It's about the beer
Gina Miller and Bill Keeper
My goodness Bill, just how many styles of beer are there? I took at look at the never ending
categories at the Great American Beer Festival and got a headache. Then I checked the
BJCP Style guidelines and stopped counting at twenty which only make my headache worse.
I remember when beer was simple. We had ales, lagers,or a the all purpose category of
"other" for well, others.
Now I'm reading about the latest argument in the world of craft-brewing nomenclature. Can
you believe the self appointed movers and shakers of the beer world are battling over what to
call a beer that has the hop character of an India pale ale but the color of a stout or porter?
I had two different brewery versions of that "style" the other day and not once did I wonder
about what to call it. It was a dark, hoppy, ale. And both were good.
The Brewers Association, a national organization that looks after the common interests of
American brewers, has decided that the style should be called American Black IPA for the
purposes of judging during the Great American Beer Festival. Here we go again. And it begs
the question just why does it have to be labeled as "American? Is it because it's hoppy?
Couldn't I make a black ale that had a low hop character and still call it American? Not to
mention that centuries ago, the term "ale" referred to a beer that had little to no hops at all.
To further confuse the matter, it has been put forth by several brewers in the Pacific Northwest
that, considering the beer originated in that region (also known as Cascadia, which includes
Oregon, Washington and most, if not all, of British Columbia -- really, they even have their own
flag), it should be called Cascadian dark ale.
There is evidence, however, that a brewer by the name of Greg Noonan was brewing a highly
hopped porter in Vermont several years before the Cascadians. Therefore, we should call it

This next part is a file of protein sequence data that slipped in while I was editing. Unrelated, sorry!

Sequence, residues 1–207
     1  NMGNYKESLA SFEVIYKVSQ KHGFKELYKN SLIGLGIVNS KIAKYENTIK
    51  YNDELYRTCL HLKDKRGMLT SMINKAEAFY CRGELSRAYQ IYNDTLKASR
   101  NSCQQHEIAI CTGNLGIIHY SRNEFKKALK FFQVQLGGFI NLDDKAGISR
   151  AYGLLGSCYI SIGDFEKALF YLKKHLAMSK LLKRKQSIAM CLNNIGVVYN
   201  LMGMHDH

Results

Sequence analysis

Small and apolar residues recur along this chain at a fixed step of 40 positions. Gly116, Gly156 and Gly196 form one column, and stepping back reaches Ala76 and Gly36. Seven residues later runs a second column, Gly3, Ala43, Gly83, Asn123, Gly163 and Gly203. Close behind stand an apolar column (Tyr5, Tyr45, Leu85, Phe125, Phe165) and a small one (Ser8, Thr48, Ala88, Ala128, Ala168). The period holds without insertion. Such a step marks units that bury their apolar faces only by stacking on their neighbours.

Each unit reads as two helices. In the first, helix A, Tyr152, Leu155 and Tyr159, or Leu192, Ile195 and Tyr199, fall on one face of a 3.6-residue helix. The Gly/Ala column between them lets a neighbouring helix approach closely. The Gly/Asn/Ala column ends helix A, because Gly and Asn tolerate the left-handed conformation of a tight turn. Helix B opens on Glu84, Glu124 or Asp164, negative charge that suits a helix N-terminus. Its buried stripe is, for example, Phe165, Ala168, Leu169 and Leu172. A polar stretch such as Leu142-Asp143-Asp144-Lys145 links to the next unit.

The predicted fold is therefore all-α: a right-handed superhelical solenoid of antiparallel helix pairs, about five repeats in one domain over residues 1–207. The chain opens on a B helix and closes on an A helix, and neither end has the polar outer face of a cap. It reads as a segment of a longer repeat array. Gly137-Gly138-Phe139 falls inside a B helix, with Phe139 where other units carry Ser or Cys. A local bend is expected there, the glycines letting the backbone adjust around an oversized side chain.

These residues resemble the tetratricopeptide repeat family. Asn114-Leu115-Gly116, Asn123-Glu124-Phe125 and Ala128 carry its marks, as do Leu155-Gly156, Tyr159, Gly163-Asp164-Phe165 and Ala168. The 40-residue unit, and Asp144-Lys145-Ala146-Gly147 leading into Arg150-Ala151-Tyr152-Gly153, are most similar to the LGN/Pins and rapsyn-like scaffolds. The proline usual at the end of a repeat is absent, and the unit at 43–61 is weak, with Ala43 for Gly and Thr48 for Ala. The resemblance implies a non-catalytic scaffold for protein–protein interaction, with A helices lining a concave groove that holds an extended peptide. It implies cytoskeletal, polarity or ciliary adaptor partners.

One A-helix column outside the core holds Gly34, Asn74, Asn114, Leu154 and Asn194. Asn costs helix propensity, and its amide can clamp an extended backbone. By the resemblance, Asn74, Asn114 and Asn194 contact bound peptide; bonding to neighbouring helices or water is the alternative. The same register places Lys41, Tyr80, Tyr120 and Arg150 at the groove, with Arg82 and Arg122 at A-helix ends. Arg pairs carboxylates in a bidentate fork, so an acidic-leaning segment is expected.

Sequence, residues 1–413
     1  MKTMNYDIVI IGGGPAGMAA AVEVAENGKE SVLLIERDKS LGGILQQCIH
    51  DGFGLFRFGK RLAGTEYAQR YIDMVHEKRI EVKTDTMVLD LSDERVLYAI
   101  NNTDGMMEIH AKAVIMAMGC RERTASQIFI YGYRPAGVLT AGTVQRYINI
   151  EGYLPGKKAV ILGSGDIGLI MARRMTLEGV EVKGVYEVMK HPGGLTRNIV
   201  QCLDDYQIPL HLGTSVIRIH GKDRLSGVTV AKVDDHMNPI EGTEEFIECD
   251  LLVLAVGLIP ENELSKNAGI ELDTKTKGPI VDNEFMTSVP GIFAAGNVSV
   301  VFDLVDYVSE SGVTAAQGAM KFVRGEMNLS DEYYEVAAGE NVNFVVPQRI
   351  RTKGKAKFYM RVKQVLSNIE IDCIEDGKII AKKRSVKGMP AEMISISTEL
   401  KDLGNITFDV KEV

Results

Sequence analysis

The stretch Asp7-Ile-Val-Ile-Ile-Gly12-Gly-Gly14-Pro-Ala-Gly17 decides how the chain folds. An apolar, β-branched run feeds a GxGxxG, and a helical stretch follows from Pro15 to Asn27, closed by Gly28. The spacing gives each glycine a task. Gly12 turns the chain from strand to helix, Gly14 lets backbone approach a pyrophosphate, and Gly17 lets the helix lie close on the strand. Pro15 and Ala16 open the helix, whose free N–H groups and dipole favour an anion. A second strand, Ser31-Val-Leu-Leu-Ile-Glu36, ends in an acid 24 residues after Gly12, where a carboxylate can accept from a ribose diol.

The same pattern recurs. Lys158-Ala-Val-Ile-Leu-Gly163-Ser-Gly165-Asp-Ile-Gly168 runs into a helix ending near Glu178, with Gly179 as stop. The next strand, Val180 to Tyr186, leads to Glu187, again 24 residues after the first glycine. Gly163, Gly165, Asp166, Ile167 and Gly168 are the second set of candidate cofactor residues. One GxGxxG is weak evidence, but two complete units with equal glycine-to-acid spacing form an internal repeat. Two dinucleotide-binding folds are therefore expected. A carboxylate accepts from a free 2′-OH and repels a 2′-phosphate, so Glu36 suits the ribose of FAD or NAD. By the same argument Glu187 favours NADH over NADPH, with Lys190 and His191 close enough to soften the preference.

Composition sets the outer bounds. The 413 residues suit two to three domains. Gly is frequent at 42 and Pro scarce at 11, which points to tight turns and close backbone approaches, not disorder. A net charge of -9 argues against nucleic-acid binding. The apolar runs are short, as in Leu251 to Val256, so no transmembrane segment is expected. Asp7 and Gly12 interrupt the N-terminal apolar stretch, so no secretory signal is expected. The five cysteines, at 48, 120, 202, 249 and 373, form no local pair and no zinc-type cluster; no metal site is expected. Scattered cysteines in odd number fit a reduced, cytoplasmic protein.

Vermont porter, right? Look Bill, highly hopped porters, or black pale ales, were reportedly
produced in Burton-Upon-Trent, England, since 1888 so why don't we just call it Burton porter?
I think you get my point. Let's not get bogged down in all these names and categories.
Just give me a good lager or ale and I'm a happy camper. I'll let the so called beer
intelligentsia create a million categories so every beer can be awarded some sort of medal. As
for me, I'll just drink it.
That's it from me, chug-a-lug, Bill.....see you next month.
Let me start with your unnecessary rant on the American Black IPA issue. The facts are that the
style is not new, nor is it regional. It isn't even necessarily American. But it's here to stay, and we
have to call it something. I'm in total support of the term Black IPA solely for conversational
purposes, so we all know what we're talking about. Everyone knows an IPA when they taste and
smell one. The fact that it's black simply needs to be stated for clarity. As far as individual
breweries and individual drinkers are concerned, please call it whatever you wish. I think most
discerning craft-beer drinkers will figure out what it is.
Having said that I think you miss a key point in all of this. One of the things that endears people
to a beer or beer style is the story and history behind it. While Cascadia isn’t a term familiar to
the general population, it would prompt curious beer drinkers to learn more about the beer in
front of them and the story behind the style.
Simply put, a beer style is a label given to a beer that describes its overall character and often
times its origin. It's a name badge that has been achieved over many centuries of brewing, trial
and error, marketing, and consumer acceptance. Yes, it's a help to consumers, just like the two
of us. Your support of just three categories would set beer drinking back centuries. Imagine
someone (like you) who loves IPAs going to a bar and only could say give me an "ale". Who
knows what you'd be getting?
Gina, you've got to realize that the style groups were created around common sensory traits –
appearance, aroma, flavor, and body. The stout guidelines, for example, describe it as a black
ale with coffee like aromas, roasted malt flavors, medium hop bitterness, and a creamy mouthfeel
(the actual guidelines go into much more detail). That makes sense.
Beer styles aren’t written into law, but the most well-known and used style guidelines are those
written by the Beer Judge Certification Program (BJCP) as you noted. You are also right about
the styles being important when beers are entered into competitions. So what's wrong with that?
The history of beer style is the history of beer itself. Even in 2050 BC there was a differentiation
between at least two different types or qualities of ale. So sorry Gina, history wins this debate
Here's looking at you, kid! See you next month.